The unofficial opening of the bike racing season in New York was cold. My weather app insisted it was 20 degrees but with a brisk wind blowing off the Hudson it felt colder than that.
At registration a debate raged as to whether this was the coldest iteration of the race in memory. Opinions seemed to weigh that it was until the matter was settled by an old timer who recalled the mercury showing 18 degrees some years back.
I watched my fellow countryman Andy take 8th in the Cat 5 race. He hung around after the finish to take a few pictures of the 4/5 field.
At the line the starter let us keep our jackets on until the very last moment. At the appointed hour we disrobed and then we were off.
Grants Tomb is a challenging and somewhat unconventional course.
It goes sweeping left, hard left, hard left, short steep hill, hard right, down to a fast sweeping 180 degree turn followed by a long drag up to the finish line. Being NYC there are also lots of hole covers, assorted plates and pot holes. It’s technical.
Being the first race of the season my primary objective was to finish safely.
My strategy in Crit racing is to try to keep to the outside and out of the wind. I’ll close a gap if I have to but other than that I want to stay out of trouble, make up places where I can and then try to get a good position going into the last three laps or so. Apart from a couple of moments when I got caught on the inside of a corner and had to face the tricky dilemma of either braking hard or running wide on the exit, I navigated the course pretty well.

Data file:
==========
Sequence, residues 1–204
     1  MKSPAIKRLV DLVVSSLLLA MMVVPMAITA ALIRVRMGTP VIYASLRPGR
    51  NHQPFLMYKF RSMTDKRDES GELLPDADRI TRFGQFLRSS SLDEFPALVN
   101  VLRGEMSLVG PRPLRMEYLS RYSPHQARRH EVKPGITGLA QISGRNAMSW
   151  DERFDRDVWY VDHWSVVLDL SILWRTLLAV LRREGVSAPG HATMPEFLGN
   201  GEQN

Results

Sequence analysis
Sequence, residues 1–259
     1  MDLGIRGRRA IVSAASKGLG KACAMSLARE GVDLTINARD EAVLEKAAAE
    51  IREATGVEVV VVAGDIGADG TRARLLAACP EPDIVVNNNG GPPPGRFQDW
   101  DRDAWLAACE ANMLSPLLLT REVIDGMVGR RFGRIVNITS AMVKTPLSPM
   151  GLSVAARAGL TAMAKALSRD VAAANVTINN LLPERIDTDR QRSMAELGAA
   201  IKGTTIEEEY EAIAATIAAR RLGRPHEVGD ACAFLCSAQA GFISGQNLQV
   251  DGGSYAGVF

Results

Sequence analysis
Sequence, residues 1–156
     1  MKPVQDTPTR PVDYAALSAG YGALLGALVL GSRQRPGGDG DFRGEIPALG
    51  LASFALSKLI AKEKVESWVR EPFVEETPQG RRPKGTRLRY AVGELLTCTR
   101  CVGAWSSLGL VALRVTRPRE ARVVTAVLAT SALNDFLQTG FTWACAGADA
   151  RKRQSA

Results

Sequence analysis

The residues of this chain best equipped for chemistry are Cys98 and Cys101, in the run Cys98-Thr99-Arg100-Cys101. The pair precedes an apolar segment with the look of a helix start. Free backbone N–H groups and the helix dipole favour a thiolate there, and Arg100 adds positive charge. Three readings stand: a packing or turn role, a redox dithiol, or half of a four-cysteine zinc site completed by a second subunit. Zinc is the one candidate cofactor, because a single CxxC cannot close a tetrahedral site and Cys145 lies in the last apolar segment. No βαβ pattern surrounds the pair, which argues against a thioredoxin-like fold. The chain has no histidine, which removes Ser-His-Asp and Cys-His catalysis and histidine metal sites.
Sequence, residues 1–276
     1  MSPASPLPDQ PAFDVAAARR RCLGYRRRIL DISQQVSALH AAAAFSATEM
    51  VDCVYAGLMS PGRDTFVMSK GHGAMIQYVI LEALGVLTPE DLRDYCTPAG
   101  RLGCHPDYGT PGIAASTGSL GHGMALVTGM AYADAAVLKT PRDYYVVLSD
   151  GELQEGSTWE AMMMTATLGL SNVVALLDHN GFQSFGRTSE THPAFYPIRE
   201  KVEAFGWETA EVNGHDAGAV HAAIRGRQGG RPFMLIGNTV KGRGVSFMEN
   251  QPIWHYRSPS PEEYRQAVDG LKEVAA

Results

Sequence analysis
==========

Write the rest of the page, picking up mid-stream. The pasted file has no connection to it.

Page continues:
The problem was really the cold.
With 13 laps still left to race I could no longer feel my fingers, this despite the three layers of gloves that I was wearing.
They literally felt like blocks of wood. Operating the brakes levers and the shifters became extremely challenging. No amount of hand wiggling or finger waggling would bring life into my frozen digits. At this point I seriously thought about quitting the race.
But just a s that thought started to crystaize I looked up and saw 8 laps to go. I could do that. Then as the pace picked increase and my heart rate went up so a little more blood started to flow into my hands.
Three laps to go and I was in decent position to move up. I waited for the lull, that moment when the bunch pauses for breath before the final onslaught. It came late, on the downhill section on the final lap.
Moving up on the outside I took a good position for the turn and the final sprint.
As we entered final straight for a brief moment I entertained the thought of challenging for a place and moved off the wheel in front and into the wind.
It was indeed a brief moment. My legs sputtered and died. I dropped back onto the wheel in front T and took my rightful place in the middle of the main pack in the bunch finish.
17th and still upright. A win of sorts.
Video Credit: Nate Baltikas
Additional Photos: Andrew Williams
Special Thanks to Wouter and Celine at Bicycle Racing Pictures